A Child's Quest for Anwers: Where Does God Live?

by the Rev. Canon Brad Hinton

I vividly remember a day when my theological training was put to the test in a decidedly unexpected way. The church doorbell rang several times impatiently. I walked toward the entrance with no expectancy; after all, church offices are not particularly exciting places on a typical weekday afternoon. I guessed that our visitor would be delivering a package, trying to sell us office equipment, or looking for financial or food assistance.

Through the glass I saw a woman holding the hand of a small child. Opening the door, I was nearly knocked over as the youngster sped past me and into the nave. Children often exhibit raw energy on playgrounds and near ice cream trucks, but I had never seen such liveliness to get inside a church. Whatever could be motivating such enthusiasm?

As his mother was apologizing for his abrupt entrance, I heard him running up and down the aisle, between rows, peeking behind the organ console, and galloping into the pulpit, all the while calling at the top of his lungs, “God, I’m here! I’m here to meet you, like I said I would God, you can come out now!  Where are you?” All of this was happening faster than I could process. His mother was trying to explain and while she did, the boy’s excitement morphed from anticipation into confusion, and then to full-blown sadness. In a matter of minutes, he sat on the chancel steps and began to cry. “I don’t understand, if this is God’s house, why isn’t God here?” As we moved to console him, his mother told me the astonishing story.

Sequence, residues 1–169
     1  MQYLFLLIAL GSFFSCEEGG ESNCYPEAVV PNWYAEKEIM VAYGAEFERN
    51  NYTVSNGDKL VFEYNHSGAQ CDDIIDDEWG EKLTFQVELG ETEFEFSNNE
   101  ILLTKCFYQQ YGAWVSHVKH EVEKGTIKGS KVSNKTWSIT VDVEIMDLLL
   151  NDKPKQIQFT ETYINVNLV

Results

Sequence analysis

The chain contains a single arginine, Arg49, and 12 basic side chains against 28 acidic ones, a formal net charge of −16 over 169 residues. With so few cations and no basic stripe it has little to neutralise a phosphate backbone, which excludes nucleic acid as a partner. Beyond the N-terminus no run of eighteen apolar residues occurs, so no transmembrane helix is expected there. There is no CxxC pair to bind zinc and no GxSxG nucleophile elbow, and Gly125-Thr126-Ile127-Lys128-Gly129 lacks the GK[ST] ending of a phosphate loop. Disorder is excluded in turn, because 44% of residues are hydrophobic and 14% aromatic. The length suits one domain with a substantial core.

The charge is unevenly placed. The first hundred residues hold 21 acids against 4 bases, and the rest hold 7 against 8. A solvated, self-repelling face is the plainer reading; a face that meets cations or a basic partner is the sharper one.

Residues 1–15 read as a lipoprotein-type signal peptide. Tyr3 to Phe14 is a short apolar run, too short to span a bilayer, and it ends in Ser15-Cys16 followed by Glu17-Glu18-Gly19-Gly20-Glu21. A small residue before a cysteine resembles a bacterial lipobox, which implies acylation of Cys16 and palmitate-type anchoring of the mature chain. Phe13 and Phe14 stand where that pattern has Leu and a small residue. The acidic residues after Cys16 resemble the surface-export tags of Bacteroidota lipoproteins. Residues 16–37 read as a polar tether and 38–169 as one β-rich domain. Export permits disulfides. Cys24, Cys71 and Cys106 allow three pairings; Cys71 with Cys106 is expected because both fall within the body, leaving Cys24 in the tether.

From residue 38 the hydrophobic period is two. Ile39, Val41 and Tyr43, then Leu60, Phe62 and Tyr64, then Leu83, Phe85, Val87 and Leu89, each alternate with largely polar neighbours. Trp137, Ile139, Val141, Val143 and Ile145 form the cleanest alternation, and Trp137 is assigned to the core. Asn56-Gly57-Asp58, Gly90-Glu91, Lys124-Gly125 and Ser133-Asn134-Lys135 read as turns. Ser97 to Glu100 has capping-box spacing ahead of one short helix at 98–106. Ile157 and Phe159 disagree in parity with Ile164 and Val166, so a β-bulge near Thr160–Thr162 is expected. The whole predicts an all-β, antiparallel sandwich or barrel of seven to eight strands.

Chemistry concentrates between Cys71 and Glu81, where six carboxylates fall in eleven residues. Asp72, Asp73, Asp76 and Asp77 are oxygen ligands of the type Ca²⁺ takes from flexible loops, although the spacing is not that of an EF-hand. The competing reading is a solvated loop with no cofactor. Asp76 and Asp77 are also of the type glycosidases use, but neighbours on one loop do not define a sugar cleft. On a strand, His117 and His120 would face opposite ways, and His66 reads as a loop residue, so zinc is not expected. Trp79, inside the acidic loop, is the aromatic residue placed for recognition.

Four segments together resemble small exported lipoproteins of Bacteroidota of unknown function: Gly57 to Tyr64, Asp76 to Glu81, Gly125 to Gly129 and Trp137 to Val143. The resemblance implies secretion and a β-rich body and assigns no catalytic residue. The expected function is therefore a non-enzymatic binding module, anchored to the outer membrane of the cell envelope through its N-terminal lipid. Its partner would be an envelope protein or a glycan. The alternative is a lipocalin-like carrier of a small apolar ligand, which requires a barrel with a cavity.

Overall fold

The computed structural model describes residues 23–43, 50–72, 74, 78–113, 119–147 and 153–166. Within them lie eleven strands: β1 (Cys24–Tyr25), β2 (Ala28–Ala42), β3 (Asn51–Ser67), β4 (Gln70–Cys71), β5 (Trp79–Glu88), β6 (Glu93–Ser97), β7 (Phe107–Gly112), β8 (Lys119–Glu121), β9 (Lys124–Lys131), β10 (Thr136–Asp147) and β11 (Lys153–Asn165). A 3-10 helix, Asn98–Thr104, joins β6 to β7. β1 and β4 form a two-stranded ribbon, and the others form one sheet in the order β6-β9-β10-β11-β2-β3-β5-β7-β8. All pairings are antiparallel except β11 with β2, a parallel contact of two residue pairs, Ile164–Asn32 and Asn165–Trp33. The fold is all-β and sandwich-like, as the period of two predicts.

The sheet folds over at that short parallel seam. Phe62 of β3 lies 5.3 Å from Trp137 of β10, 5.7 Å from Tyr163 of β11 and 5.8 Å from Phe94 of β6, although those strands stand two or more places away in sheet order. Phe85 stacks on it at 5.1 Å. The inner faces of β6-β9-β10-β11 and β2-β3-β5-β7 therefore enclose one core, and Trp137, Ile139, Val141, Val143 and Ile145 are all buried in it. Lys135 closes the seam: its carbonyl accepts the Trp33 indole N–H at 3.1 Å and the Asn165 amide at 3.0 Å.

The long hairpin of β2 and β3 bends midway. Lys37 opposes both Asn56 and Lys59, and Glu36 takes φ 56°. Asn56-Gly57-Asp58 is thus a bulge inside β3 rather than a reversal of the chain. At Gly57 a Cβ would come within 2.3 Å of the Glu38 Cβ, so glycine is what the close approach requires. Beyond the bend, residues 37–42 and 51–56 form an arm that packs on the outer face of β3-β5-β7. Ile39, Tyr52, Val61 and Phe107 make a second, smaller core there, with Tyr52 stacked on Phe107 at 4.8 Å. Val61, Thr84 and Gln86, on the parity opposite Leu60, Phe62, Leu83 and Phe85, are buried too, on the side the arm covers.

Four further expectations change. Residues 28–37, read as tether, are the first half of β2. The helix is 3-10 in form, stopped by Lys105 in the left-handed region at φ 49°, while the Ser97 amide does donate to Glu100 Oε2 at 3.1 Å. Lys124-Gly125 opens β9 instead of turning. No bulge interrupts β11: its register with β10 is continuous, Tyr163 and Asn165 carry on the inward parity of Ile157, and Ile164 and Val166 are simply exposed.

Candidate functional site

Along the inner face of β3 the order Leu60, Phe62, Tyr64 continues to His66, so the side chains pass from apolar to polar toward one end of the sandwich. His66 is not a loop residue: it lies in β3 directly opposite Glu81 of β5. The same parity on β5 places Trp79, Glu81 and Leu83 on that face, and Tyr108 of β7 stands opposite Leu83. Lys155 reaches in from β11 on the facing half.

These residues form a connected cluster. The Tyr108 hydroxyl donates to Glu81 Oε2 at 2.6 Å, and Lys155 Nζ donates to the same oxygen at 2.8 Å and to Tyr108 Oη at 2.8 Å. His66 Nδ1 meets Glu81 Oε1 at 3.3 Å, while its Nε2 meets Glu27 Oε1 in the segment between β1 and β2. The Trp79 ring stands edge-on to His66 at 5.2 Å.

The two of them traveled past the church nearly every day, going to and from school. Strapped into his carseat in the back of the car, he took a keen interest in the church with its high, angled roof and soaring belltower. When he asked his mother about the building, she told him, “That is God’s house.” She thought her answer would satiate his curiosity. Just the opposite happened. Rather than satisfying his interest, her response filled his young mind with the possibilities of an encounter with the living God. “That’s where God lives?” he asked. He became quite animated and told his mom that he wanted to meet God. Several times she attempted to redirect him, but his idea became determined. He was so persistent that his mom started driving a different route to school. She hoped that the old adage ‘out of sight, out of mind’ would apply and that he would forget and move on. Wishful thinking! Her son informed her that he had spoken with God about all this and had promised God that he would come for a visit. At some point in this process, she gave into his demands and detoured into the church parking lot. I wish she had given me some advanced notice!